The Column Online


Book by L. Frank Baum
Music and Lyrics by Harold Arlen and E. Y. Harburg

Casa Manana

Director?Joe Sturgeon
Stage Manager?Hans Meyer/Jordan Andrews
Scenic Designer?Mark Halpin
Lighting Designer?Sam Rushen
Costume Designer?Tammy Spencer
Background Music?Herbert Stothart
Dance and Vocal Arrangements?Peter Howard
Orchestration?Larry Wilcox
Choreographer?Nik?l Wolf


Dorothy?Mary McElree
Scarecrow?Christopher J. Deaton
Tin Man?Daniel Rowan Johnson
Cowardly Lion?Greg Dulcie
The Wizard?Doug Lopachin
Wicked Witch of the West?Aubrey Adams
Glinda?Morgan Richards/Sara Youngblood

Children's Chorus:
Bre Andrews, Morgan Maxey, Kaylee King, Anna Pe?a, Erin Patterson, Lauren E. McGee, Ellie Hertel, Tristin Thomas, Morgan Brignac, Addie Morales, Hayden Hart, Kendall Procaccino, Tiffany Stringer, Avery Presson, Addie Presson, Marisa Hampton, Hayley Lenamon, Whitney Pavell, Ashton Miramontes, Brooke Verbois, Riley Leanne Seymour, Lauren Weik

Reviewed Performance: 4/29/2011

Reviewed by Kristopher A. Harrison, Associate Critic for John Garcia's THE COLUMN

The Wizard of Oz is a classic story, beloved by generations.

Certainly many of the folks in Casa Ma?ana's opening night audience were anticipating the story, as they showed up with their children dressed as Dorothy, Glinda, and even the Wicked Witch. And in case you didn't have your own Oz accessories, you could buy them in the lobby before the show. But the reality is that when you see "The Wizard of Oz" advertised at a children's theatre, you never really know what version you might be subjected to. For fans of the film, however, Casa Ma?ana's version did not disappoint.

The performance began with film credits projected on a screen at the back of the set. The all too familiar overture from the film played, and the actors were introduced in a credit roll that looked just like the beginning of the movie. This proved to be a telling feature, as designer Mark Halpin used the screen to project images throughout the performance?often images pulled straight from the film. The reality was that this performance was designed to make you think of the film often, and to think fondly of it.

There was no attempt made to break from the familiar and re-imagine the story or the characters. Even the actors adopted the vocal patterns and line delivery of their counterparts in the film. That can be a dangerous game for a theatre company; pitting their own performers against a legendary production. But for this show it worked, and it worked very well. The talent was strong enough that you were reminded of all the happy feelings you've ever had watching the classic film, but you never thought to yourself, "Gee, I wish I had stayed home and watched the movie."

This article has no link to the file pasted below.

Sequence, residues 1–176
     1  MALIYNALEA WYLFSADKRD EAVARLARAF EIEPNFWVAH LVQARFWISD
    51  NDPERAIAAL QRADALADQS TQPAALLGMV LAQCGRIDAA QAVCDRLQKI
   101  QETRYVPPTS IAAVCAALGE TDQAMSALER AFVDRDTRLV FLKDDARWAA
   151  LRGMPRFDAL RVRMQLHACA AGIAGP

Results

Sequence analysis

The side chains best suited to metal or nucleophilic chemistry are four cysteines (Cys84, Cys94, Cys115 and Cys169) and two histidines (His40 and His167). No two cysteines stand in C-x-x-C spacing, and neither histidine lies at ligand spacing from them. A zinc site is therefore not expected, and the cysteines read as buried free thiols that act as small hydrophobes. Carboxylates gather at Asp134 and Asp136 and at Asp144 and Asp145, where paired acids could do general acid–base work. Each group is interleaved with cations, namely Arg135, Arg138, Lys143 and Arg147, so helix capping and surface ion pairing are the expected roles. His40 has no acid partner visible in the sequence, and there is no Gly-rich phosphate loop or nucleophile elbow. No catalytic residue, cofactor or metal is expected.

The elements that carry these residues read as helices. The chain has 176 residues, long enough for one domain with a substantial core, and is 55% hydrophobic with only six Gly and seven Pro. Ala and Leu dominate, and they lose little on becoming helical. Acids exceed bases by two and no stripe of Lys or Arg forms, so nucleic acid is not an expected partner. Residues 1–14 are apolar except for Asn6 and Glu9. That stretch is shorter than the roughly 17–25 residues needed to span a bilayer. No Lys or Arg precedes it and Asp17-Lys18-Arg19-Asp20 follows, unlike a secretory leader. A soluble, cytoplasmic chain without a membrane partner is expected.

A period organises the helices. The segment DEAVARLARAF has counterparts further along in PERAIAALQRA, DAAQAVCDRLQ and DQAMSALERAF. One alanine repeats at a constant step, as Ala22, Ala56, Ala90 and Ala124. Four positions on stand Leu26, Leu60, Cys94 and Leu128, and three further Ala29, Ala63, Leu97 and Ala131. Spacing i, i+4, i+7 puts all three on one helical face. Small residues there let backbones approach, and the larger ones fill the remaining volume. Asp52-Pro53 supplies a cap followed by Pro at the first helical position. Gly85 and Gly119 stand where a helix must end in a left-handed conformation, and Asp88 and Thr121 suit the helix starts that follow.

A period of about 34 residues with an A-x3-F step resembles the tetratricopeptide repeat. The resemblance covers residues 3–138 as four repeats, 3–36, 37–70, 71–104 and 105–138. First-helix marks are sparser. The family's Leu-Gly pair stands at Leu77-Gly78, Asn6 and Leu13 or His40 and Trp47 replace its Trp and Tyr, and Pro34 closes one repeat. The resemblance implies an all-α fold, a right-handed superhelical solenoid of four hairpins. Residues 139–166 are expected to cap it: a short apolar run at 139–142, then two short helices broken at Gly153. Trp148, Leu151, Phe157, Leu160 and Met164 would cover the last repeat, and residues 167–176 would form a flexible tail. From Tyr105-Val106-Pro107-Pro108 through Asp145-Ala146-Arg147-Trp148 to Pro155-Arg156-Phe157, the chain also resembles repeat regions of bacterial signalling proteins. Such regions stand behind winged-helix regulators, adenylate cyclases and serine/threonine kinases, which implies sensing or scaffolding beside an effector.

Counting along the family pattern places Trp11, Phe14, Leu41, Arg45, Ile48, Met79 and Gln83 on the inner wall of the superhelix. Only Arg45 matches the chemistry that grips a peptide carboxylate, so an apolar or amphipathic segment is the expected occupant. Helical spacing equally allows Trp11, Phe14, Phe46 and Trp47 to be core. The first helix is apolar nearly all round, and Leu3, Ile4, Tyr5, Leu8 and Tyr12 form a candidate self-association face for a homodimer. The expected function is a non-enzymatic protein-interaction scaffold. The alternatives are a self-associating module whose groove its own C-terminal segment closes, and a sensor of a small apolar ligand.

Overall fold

The leading characters all did excellent work. Mary McElree, as Dorothy, impressed with a strong voice, although her opening number of "Somewhere Over the Rainbow" was just OK. I was really pleased by how well the voices blended between McElree and Christopher J. Deaton, Daniel Rowan Johnson, and Greg Dulcie (The Scarecrow, Tin Man, and Lion, respectively). That made the mic problems all the more disappointing, for example when Dorothy's mic all but dropped out (ah, the joys of opening night). Clearly all four were talented singers, actors, and dancers. They were at their best in the musical numbers, though at times they seemed disengaged from the dialogue in-between those numbers, as if they were still trying to figure out what to do next. As a result, some of the jokes fell flat, and much of the energy died in-between the numbers.

One surprising highlight of the show was the chorus of younger performers. They filled in as the munchkins, soldiers, Emerald City townspeople, and even the infamous flying monkeys. In each case, they worked well, with tight choreography and surprisingly strong voices, given their ages. By far the most impressive young surprise was Morgan Richards as Glinda. She looked to be in the 9-11 year old range, but she performed with all the confidence?and ability?of a seasoned performer. Her voice, her poise, even her comedic ability impressed consistently.

Some of the shows other stronger points were the choreography by Nik?l Wolf. It was lively and, like the rest of the production, paid faithful homage to the film. The set was serviceable, and the costumes and the special effects were well executed, and kept the audience engaged.

All in all, this was a perfectly enjoyable performance of a classic film. They didn't take any risks, which means they didn't risk disappointing anyone, young or old. The kids will love it, and you'll leave singing along with them.

Children's Theatre at Casa Ma?ana
3101 West Lancaster Avenue, Fort Worth, TX 76107-3092
Through May 22, 2011

Fridays at 7pm, Saturdays at 1pm and 5pm, Sundays at 2pm
Tickets $16-$18. For tickets & info to or
call (817) 332-2272.

Run time around 1 hour, 30 minutes, with one intermission.